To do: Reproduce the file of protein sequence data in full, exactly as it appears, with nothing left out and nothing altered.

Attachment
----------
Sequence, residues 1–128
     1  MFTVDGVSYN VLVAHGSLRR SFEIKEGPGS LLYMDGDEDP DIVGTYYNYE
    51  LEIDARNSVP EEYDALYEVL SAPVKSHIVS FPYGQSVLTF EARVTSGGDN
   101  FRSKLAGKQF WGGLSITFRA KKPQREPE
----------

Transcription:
Sequence, residues 1–128
     1  MFTVDGVSYN VLVAHGSLRR SFEIKEGPGS LLYMDGDEDP DIVGTYYNYE
    51  LEIDARNSVP EEYDALYEVL SAPVKSHIVS FPYGQSVLTF EARVTSGGDN
   101  FRSKLAGKQF WGGLSITFRA KKPQREPE